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Topic: So there’s a MAGNUM, P.I. reboot coming.... Post ReplyPost New Topic
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John Byrne
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Posted: 22 June 2018 at 6:17am | IP Logged | 1 post reply

Filmmakers forget that their original product is different from the stage. "Hundreds of actors have played Hamlet," they will say, forgetting that Hamlet was created to be played many times by many actors.

But it's different for movies and TV. In most cases producers do not think in terms of decades and multiple iterations. Unless they're working on DOCTOR WHO, they don't go in assuming different actors will play the same characters. Consider STAR TREK. When a second pilot was ordered and Jeffrey Hunter was not available, Roddenberry did not call William Shatner's character "Christopher Pike". He created a whole new guy.

There is a dichotomy at work. Movies have a greater sense of permanence, yet we get used to multiple James Bonds, Sherlock Holmes, Tarzans. TV shows are ephemeral, yet perhaps precisely because of that the actors who "create" the roles become permanently attached to them.

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Sam Houston
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Posted: 23 June 2018 at 9:36am | IP Logged | 2 post reply

Well, CBS did a reboot of MacGyver (originally ABC) and was picked up for a 2nd season (not that I watch it).
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Eric Jansen
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Posted: 25 June 2018 at 6:21am | IP Logged | 3 post reply

"There is a dichotomy at work. Movies have a greater sense of permanence, yet we get used to multiple James Bonds, Sherlock Holmes, Tarzans. TV shows are ephemeral, yet perhaps precisely because of that the actors who "create" the roles become permanently attached to them."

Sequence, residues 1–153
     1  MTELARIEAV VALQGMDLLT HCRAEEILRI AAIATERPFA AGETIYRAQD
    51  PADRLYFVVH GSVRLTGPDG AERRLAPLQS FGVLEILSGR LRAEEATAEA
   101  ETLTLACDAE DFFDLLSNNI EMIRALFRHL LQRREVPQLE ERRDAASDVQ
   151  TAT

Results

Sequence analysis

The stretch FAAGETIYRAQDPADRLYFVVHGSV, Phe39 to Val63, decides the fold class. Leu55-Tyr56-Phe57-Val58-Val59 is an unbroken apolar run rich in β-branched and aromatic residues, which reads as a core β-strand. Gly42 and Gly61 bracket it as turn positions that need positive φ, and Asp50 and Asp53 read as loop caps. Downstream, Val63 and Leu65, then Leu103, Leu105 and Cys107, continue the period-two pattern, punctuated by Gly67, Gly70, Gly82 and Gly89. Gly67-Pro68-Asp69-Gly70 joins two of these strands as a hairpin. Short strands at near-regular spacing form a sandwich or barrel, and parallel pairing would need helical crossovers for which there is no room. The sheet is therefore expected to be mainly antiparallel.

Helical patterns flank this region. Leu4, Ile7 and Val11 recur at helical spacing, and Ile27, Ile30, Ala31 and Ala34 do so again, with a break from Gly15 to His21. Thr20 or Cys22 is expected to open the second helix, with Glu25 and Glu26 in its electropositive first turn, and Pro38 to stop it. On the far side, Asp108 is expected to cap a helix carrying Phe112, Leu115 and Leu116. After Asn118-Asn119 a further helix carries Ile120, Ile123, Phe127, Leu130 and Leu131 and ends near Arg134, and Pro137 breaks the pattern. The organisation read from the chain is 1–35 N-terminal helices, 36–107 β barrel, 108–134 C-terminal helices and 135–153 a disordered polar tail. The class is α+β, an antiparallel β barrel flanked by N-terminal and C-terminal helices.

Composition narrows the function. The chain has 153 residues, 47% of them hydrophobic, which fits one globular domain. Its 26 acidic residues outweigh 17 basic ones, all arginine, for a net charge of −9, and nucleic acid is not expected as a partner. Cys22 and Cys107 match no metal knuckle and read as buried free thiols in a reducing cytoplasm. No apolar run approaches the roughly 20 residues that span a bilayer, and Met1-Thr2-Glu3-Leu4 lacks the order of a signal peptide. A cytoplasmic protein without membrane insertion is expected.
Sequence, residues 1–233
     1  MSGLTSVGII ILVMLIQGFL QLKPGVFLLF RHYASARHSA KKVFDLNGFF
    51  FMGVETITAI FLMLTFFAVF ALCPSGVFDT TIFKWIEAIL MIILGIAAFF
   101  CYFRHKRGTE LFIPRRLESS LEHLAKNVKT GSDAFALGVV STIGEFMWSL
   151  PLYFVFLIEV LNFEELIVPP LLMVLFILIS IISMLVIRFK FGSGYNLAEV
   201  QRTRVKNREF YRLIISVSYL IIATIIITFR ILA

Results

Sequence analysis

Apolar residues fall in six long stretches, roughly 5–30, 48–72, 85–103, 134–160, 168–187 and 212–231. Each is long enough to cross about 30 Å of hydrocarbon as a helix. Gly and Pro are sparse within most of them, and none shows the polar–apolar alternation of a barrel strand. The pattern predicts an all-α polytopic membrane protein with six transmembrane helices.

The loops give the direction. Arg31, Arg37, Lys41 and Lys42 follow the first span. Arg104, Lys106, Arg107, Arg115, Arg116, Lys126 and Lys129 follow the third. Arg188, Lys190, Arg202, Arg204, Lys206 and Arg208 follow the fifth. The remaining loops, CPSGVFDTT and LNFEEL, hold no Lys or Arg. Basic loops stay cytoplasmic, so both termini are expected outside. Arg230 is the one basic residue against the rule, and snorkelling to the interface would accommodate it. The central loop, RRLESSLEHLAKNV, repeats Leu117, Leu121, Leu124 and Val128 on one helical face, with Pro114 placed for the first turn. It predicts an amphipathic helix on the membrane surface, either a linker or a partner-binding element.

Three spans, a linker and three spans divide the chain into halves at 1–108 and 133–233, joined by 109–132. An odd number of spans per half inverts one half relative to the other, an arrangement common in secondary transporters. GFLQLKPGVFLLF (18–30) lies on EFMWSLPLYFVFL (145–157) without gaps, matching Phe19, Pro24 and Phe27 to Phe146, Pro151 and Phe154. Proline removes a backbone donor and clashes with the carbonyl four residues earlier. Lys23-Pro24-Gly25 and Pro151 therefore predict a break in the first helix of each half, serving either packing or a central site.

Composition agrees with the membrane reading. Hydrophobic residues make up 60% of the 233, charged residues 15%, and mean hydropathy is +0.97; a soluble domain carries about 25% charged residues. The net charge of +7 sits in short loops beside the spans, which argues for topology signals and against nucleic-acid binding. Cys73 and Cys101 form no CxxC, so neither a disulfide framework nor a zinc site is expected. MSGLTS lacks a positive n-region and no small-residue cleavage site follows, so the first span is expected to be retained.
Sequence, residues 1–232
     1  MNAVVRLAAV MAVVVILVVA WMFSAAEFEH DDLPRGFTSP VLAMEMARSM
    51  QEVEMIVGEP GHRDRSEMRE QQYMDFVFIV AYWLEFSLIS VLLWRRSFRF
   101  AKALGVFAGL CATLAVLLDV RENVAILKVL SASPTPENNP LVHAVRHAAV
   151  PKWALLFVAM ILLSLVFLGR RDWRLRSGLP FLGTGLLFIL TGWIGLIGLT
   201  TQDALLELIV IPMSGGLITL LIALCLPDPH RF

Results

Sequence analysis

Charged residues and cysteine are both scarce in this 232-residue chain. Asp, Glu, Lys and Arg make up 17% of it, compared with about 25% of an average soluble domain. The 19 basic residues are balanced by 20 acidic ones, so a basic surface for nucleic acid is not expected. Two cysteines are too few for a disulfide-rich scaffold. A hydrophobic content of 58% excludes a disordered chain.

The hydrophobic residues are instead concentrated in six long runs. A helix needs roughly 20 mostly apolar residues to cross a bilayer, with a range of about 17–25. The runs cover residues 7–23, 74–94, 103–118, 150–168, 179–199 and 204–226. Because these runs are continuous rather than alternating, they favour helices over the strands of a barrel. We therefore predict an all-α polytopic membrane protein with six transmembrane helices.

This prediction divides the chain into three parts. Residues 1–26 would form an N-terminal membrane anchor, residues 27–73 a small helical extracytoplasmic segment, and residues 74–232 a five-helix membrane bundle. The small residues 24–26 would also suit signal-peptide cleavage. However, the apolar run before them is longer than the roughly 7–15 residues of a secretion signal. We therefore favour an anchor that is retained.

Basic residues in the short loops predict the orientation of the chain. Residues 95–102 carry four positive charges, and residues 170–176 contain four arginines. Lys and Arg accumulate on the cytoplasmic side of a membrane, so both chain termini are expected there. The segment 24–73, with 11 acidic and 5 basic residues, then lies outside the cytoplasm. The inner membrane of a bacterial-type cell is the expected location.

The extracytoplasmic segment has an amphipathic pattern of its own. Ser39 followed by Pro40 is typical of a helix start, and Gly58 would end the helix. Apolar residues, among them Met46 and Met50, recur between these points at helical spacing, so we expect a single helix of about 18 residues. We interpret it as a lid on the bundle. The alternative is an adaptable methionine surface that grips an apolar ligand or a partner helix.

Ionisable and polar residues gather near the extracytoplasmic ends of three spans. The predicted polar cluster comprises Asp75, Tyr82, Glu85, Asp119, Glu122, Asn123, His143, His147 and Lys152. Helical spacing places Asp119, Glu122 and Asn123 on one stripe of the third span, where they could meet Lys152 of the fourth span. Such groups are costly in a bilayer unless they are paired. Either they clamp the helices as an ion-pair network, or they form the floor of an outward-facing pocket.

______________

Yes, movies seem more like (as you mention) "Hamlet"--they are events.  And, sometimes, they tell the same story over and over again.  I don't mind "King Kong" being remade every 40 years with new people.

TV shows and their characters--it has been said--are more like friends you invite into your home every week.  Can you imagine if your friend "Bob" suddenly showed up at your door with a brand new face?  "You're not Bob!"
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Andrew Saxon
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Posted: 25 June 2018 at 10:37am | IP Logged | 4 post reply

Mixed feelings. I hear what people are saying about certain characters being forever linked to one specific actor, however, I can see some merit in bringing back a successful television format for a new generation to enjoy. Take The Time Tunnel, as an example, I wouldn't be too upset if someone other than James Darren played Tony Newman or someone other than Bob Colbert played Doug Phillips. Those two actors (and I'm not knocking either of them) were not quite so integral to the roles as, say, Peter Falk was to Columbo or William Shatner to J. T. Kirk. The Invaders is another one where I think another actor could step into Roy Thinnes' old role of architect David Vincent if someone wanted to take a stab at a 21st century version.

PS I also have to say, I prefer the new Hawaii Five-0 to the original, which, even when I was young, I always found rather stiff and po-faced.
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John Byrne
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Posted: 25 June 2018 at 10:50am | IP Logged | 5 post reply

But why do these reboots have to be the same characters?
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Eric Jansen
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Posted: 26 June 2018 at 12:59am | IP Logged | 6 post reply

Yes, why the same characters?  In this day and age where there are 1,000 channels rerunning everything that was ever on TV or DVD sets collecting old shows, or properties like DR. WHO and STAR TREK that continue an established universe, it really doesn't make sense to keep them the same characters when the originals are still around.  The most successful of these recent reboots--HAWAII 5-0 and MACGYVER really look (from the first episodes at least, the only ones I watched)--looked like they were set up to be the SONS of the original characters.  Nothing was gained by keeping them the same, and something was lost by not making them a continuation.  McGarrett could still be called "McGarrett" (he could even be "Steve Jr.") and MacGyver actually would have been cooler if he had been the son trained by the original, and Richard Dean Anderson is still around to guest star (if he wanted).